A young fan cools off a fountain in the hot conditions during day 11 of the 2019 Australian Open at Melbourne Park on Jan. 24, 2019.
Matt King—Getty Images
By Associated Press
January 25, 2019

(MELBOURNE) — Melbourne residents were warned that they could endure power outages on Friday as Australia’s second-largest city is forecast to experience its hottest day in a decade.

The Victoria state capital, with a population of 5 million, is set to reach 111 degrees Fahrenheit. That would be Melbourne’s hottest day since Feb. 7, 2009 — a day of catastrophic wildfires that than is remembered as Black Saturday.

That day, the temperature soared to 115.5 F. Wildfires killed 173 people and razed more than 2,000 homes in Victoria.

Scores of wildfires are raging in heatwave conditions across much of drought-parched southeast Australia, with authorities warning the fire risk is high.

Victoria Energy Minister Lily D’Ambrosio said three power generators in the state had shut down, as infrastructure struggled to keep up with the power demand of air-conditioners.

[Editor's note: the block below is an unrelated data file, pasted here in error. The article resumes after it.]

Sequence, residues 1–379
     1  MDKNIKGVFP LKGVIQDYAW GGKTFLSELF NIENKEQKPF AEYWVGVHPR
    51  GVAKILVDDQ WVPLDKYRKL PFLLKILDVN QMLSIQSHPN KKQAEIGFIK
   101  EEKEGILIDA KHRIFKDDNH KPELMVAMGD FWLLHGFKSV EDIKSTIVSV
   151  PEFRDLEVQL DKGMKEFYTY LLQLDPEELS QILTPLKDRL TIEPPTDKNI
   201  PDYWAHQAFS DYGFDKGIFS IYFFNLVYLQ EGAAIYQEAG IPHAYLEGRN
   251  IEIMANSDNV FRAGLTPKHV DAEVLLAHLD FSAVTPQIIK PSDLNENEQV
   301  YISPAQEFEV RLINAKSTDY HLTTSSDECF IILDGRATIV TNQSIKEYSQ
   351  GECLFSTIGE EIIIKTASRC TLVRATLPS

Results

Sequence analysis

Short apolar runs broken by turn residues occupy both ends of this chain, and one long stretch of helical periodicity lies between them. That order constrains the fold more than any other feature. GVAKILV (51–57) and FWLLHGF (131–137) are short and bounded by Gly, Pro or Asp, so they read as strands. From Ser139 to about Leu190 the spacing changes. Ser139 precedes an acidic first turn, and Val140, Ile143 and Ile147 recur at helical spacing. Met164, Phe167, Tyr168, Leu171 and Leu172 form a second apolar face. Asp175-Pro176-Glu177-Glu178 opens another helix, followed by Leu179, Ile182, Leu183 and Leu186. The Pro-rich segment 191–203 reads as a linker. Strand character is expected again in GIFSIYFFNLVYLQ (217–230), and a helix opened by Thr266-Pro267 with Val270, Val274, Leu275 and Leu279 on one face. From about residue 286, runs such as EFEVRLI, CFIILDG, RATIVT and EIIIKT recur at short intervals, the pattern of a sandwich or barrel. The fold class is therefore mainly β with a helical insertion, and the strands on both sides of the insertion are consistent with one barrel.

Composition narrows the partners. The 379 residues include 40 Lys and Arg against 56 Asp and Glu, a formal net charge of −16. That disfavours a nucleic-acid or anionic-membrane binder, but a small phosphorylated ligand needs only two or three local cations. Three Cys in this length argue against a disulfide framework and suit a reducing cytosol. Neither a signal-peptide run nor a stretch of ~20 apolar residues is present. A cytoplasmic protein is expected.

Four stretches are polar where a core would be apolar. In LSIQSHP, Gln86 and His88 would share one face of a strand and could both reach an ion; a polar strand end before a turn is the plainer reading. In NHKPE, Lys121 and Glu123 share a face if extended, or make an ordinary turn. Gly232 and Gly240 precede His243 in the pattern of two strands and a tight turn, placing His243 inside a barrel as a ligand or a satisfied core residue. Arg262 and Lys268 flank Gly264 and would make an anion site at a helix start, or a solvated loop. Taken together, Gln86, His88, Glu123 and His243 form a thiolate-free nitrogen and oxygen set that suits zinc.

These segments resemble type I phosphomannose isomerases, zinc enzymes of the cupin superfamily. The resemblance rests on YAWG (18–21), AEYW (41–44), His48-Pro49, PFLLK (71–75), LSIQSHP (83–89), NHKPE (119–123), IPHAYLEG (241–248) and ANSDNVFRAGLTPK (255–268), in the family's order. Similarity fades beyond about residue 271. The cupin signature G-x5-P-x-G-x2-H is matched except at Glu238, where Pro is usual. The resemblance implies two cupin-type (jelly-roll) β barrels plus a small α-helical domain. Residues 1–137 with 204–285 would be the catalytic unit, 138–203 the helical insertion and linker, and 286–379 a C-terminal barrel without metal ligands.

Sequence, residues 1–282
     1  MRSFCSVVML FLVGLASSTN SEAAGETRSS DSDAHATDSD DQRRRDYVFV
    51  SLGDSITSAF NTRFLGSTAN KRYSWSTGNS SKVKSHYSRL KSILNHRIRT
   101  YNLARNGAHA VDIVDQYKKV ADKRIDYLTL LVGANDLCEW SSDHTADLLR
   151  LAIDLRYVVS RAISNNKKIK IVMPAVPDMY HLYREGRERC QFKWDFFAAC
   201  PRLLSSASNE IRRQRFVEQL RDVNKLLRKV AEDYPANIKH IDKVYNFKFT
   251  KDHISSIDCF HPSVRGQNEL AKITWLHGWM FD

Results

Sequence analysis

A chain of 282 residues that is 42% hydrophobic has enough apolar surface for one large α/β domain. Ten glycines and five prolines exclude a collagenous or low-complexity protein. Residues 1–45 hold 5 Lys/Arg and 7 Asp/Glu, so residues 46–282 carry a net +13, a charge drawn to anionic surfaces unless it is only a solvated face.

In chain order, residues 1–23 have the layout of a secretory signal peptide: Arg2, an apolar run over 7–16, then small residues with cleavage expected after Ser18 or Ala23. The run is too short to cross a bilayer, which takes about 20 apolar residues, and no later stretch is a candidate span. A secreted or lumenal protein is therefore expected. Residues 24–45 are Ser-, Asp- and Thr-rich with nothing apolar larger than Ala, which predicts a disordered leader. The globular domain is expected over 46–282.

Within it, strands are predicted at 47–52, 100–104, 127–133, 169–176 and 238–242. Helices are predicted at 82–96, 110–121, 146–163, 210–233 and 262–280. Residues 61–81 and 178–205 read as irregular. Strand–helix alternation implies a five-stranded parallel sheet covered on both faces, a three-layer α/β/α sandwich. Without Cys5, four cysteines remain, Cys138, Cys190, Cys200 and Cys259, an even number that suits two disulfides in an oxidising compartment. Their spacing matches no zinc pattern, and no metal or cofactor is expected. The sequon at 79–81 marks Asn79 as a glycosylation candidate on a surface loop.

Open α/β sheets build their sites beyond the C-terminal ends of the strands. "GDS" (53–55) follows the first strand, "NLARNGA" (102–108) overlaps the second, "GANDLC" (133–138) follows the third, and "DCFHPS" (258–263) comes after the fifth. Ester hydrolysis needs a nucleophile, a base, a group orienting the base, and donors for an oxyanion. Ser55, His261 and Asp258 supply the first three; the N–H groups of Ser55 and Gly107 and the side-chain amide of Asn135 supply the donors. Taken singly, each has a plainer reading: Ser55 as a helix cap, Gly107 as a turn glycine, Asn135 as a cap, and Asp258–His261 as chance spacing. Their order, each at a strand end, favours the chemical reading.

“This means we can’t rule out brown-outs,” she told Radio 3AW.

She said it was “absolutely essential” for Victorians to cut back on power use where possible.

Black Saturday had been the hottest day ever recorded by a major Australian city until Adelaide reached a searing 115.9 F on Thursday.

The South Australia state capital of 1.3 million people — 400 miles west of Melbourne — beat its previous 80-year-old record of 115 F set on Jan. 12, 1939, and records tumbled in smaller towns across the state.

The South Australian town of Port Augusta, population 15,000, topped the state at 121.1 F.

The Australian Open tennis tournament in Melbourne invoked its extreme-heat policy on Thursday and closed the main stadium’s roof during a women’s semifinal match.

Bureau of Meteorology forecaster Rob Sharpe said he would not be surprised if this January becomes Australia’s hottest January on record with heatwave conditions likely to persist.

Last year was Australia’s third-warmest on record.

Contact us at editors@time.com.


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